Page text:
Christopher Wordsworth • 1894
This volume is a sort of anticipated companion volume to the HBS edition of the Directorium Sacerdotum, a variety of ordinal or directory, which was privately compiled by Clement Maydeston, who though a priest held formally the post of 'deacon' at the Brigittine Abbey of Syon, Middlesex (c. 1390-1456). Despite these origins, the compilation acquired a de facto official status. The Directorium Sacerdotum itself was published belatedly as  and .
The Directorium aimed in part at providing calendrical and rubrical solutions for those observing the Sarum Use. It did this by a distinction between the practice of the Salisbury cathedral chapter and the practice that could reasonably be required from the many others in England who followed in general the Sarum Use. Maydeston's position was that outside the Salisbury chapter it was reasonable to make modifications to meet local conditions and calendars. This was deemed unacceptable by some, who maintained that the practice observed at Salisbury itself should be followed everywhere. This line of argument ignored the fact that in any case there were contradictions between the existing manuscript drafts of the Sarum ordinal and the rubrics of the liturgical books.
The edition focuses in particular on two printed texts which offer Maydeston's defence. The first is the Defensorium Directorii Sacerdotum printed in successive editions of the Directorium Sacerdotum by Wynkyn de Worde in 1495 (Duff, n. 293; GW 8459; STC 17723), the text being collated with Caxton's folio edition of 1487 (Duff, n. 290; GW 8456; STC 17720), Leeu's quarto of 1488 (Duff, n. 291; GW 8457; STC 17721), and a number of texts representing the pro-Sarum revision made by William Clerke: the Pynson quarto editions of 1497 and 1498 (Duff, nn. 294, 295; GW 8460, 8461; STC 17724, 17725), the Wynkyn de Worde quarto of 1499 (Duff, n. 296; GW 8462; STC 17726), the Pynson quartos of the Ordinale Sarum of 1501, 1503, and 1504 (STC 17727, 17728 formerly also 16230, 17728.3 formerly 16231; the 1504 is in fact now thought to be by Wynkyn de Worde). The second is the text Crede Michi, a longer and more considered rubrical tract compiled by Maydeston but incorporating rubrical adjudications made by the Salisbury canons c. 1440-1450, and partly based on an earlier work by one John Raynton. The text given is that printed by Wynk:yn de Worde in the quarto of 1495, collated as before with Caxton's folio edition of 1487, Leeu's quarto of 1488, and a number of texts representing the Clerke revision: the Pynson quarto editions of the Ordinale Sarum of 1501, and 1508 (STC 17727, 17728.5), to which is added John Raynton's draft of Crede Michi from London, British Library, Additional MS 25456.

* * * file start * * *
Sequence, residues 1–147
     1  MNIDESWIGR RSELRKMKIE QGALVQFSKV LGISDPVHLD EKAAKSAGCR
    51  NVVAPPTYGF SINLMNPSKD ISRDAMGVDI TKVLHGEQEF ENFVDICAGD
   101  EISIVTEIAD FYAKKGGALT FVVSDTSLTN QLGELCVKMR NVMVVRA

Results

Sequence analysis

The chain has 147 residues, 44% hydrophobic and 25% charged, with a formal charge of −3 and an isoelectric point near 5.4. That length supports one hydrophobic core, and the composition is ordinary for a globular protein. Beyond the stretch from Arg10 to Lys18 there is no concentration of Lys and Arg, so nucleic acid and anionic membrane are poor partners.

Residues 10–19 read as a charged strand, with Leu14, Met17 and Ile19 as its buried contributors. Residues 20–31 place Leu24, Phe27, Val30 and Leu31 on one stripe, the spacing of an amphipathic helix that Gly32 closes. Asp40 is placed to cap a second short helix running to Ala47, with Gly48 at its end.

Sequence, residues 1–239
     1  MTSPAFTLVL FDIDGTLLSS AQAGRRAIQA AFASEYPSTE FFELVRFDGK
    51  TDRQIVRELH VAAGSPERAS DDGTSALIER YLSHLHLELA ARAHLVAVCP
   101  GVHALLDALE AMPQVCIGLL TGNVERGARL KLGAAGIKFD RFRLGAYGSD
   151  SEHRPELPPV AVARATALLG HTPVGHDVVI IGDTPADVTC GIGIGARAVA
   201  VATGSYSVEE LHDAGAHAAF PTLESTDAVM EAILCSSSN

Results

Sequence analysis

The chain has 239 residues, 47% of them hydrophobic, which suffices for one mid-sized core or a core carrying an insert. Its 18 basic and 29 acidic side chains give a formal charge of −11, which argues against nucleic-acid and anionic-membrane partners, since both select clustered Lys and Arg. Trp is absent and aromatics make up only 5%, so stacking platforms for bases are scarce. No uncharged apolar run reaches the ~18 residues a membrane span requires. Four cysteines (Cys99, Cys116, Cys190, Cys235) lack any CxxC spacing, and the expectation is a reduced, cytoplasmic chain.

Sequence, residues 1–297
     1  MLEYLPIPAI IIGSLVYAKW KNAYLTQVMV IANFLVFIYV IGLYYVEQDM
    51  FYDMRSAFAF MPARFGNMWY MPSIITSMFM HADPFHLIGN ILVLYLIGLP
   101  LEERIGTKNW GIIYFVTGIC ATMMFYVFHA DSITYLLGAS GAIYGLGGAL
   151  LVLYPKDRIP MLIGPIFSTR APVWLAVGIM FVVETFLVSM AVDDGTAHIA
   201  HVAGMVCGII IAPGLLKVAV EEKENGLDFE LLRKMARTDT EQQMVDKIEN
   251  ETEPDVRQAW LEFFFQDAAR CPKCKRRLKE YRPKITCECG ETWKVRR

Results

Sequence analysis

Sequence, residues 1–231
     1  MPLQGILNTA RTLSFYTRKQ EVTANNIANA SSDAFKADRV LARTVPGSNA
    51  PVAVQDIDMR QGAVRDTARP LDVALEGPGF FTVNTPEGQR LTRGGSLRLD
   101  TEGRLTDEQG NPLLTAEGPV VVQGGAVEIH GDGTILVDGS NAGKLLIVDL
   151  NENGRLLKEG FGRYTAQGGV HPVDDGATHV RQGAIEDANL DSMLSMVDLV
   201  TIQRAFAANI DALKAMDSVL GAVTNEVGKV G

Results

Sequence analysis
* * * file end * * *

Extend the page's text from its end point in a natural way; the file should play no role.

In addition, fragments of Caxton's edition of the Ordinale Sarum, c. 1477-1478, amounting to 16 pages, are reprinted from British Library C.40.1.1/5 (see Duff n. 336; GW 8455). There are also extensive appendices containing related rubrical material. Appendix I gives the text of the Regula de omnibus historiis inchoandis from London, British Library, Additional MS 25456 (c. 1450-1455). Appendix II gives the Regula de VII historiis, and other pieces from the Sarum Breviary printed by Raynaldus de Novimagio, at Venice in 1483 (Paris, Bibliothèque nationale, Velins 1685+1686; Duff, n. 61; GW 5446), while Appendixes II and IV offer still other kindred material in short quotations taken from a variety of sources and interspersed with commentary.Purchase now at Boydell & Brewer